Get Blown
In addition to wicked torque production and stunning good looks, one of the biggest advantages of a Roots-style blower is how easily it adapts to a carbureted motor. The Mooneyham 6-71 kit used in this buildup features the blower assembly and an intake manifold. The blower drive assembly is from BDS, and includes the blower snout, blower pulleys, idler assembly, crank hub, and belt. Installing the blower is as simple as swapping intake manifolds, and the carburetors bolt right up to the carb adapter (also from BDS)- no fiddling around with carb hats required.

Speaking of carburetors, although the 400 makes 741 hp, its appetite for fuel goes well beyond that of a naturally aspirated motor of similar power output. Consequently, it utilizes a pair of Holley 750-cfm carbs to keep up with the blower's voracious demands. "The reason you need two carburetors is pretty simple," explains Massingill. "These blowers move a lot of air, and two small carbs improve fuel distribution significantly over one big center carb. With blower motors, it's safer to be on the big side, because you're going to make a lot of torque no matter what. On the other hand, if you're on the small side, things could get ugly."

For pump gas compatibility, the SAM configured the blower pulleys to produce 9 psi of boost, which they say is the sweet spot for a 6-71. "At 8 to 9 psi, an 8-71 wouldn't do you any good," opines Massingill. "The only time you need to step up to an 8-71 is when you want to run 15 to 20 psi of boost. A 6-71 could be set up to make that much boost, but at that level, an 8-71 would make the same boost while turning less rpm, which results in a cooler air charge."

Drop It In
If you can deal with cutting a hole in your hood, then the potential applications for a Roots-blown motor like this are endless. Plunking a big-torque motor into a heavyweight like a GM A-body or a Chrysler B-body would seem like an appropriate course of action, and so much grunt at such low rpm allows for the luxury of running a taller ring-and-pinion set for a wonderfully streetable package. Bench racers will still balk at excessive heat soak, but not everyone's buying into it. "Maybe marketing has something to do with it, but the truth of the matter is that a blower is only producing heat when the motor's under heavy load," says Massingill. "By the time you finish a pass and cruise back up the return road, heat soak isn't even an issue anymore."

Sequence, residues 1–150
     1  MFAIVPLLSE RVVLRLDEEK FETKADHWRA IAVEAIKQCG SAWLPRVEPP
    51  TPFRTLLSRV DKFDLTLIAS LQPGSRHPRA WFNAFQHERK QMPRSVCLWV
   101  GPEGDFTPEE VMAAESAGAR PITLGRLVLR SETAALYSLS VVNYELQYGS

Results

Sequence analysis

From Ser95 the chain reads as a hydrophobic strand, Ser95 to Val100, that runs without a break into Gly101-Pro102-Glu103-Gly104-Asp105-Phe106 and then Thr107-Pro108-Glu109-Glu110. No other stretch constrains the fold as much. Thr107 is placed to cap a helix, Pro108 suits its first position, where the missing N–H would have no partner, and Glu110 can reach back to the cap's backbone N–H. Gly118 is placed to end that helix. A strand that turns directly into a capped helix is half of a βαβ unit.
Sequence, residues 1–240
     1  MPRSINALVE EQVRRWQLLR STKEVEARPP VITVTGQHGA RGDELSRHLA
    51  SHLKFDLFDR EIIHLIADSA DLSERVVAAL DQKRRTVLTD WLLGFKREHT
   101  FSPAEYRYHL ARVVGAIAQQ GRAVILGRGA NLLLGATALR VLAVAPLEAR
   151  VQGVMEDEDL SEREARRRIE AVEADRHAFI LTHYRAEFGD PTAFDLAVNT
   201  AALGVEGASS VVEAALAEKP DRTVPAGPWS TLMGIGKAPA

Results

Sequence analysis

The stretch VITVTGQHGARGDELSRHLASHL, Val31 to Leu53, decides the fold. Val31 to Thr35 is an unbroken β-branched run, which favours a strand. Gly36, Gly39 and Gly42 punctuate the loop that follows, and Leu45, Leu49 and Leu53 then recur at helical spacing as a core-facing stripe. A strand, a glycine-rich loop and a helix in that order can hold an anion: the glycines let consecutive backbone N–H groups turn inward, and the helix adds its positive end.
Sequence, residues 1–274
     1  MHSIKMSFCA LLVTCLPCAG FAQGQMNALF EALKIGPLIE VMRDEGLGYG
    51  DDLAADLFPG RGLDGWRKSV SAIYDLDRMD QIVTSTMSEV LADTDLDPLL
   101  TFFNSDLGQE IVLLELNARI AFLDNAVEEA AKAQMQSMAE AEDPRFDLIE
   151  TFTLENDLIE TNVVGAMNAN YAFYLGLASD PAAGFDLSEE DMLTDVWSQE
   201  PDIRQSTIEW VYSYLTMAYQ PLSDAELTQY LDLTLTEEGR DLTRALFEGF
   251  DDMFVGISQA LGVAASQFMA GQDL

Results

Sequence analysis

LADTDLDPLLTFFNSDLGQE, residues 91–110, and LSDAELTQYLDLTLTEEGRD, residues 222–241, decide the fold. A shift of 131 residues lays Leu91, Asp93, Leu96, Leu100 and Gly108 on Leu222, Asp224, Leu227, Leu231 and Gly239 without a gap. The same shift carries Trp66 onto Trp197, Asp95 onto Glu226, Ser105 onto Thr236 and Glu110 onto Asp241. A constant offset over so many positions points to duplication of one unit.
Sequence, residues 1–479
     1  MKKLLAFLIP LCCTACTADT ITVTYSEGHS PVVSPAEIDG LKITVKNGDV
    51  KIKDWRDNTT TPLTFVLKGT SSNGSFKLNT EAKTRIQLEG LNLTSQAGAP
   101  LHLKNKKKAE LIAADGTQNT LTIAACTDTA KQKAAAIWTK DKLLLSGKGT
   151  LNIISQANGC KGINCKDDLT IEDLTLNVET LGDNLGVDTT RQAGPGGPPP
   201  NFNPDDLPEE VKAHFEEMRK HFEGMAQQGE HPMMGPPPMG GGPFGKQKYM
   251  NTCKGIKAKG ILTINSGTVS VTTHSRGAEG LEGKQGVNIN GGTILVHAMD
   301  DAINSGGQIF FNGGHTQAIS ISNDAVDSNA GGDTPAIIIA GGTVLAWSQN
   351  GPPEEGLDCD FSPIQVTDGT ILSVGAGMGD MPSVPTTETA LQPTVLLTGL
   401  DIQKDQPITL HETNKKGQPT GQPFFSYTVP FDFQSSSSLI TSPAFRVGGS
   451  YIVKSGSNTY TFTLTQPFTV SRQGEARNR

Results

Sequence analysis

Adiabatic Efficiency
Start talking about blowers at the track or at a shop, and it won't be long before the term "adiabatic efficiency" comes up. So what is it? According to the laws of thermodynamics, compressing air creates heat. That means that it's physically impossible for a turbo or supercharger to compress air without adding heat to the intake charge. Consequently, a blower with 100 percent adiabatic efficiency doesn't add zero heat to the intake charge, but generates the least amount of heat theoretically possible. Therefore, adiabatic efficiency is the measure of heat that is actually added to the intake charge, in comparison to the heat added under ideal circumstances. Since blowers generate their own frictional heat on top of that already produced by compressing air (which gets absorbed by the intake charge), 100 percent adiabatic efficiency is nearly impossible to achieve. Turbos and centrifugal blowers can hit upwards of 75 percent adiabatic efficiency, while Roots-style blowers are in the neighborhood of 50 percent. Whether or not it really matters in a street car is up for debate.

Blower Sizing
Common sense says that a 14-71 blower is bigger than an 8-71, and an 8-71 is bigger than a 6-71, but where does that nomenclature come from? The original Roots-style blower wasn't used in cars at all-instead it was designed by the Roots brothers to help ventilate underground mines during the 1800s. It's basic design was adapted for use in diesel trucks by GMC, and was given the 6-71 designation because it was made for a six-cylinder engine displacing 71 ci per cylinder. Hence, an 8-71 features a larger case than a 6-71, since it was designed to feed two extra cylinders.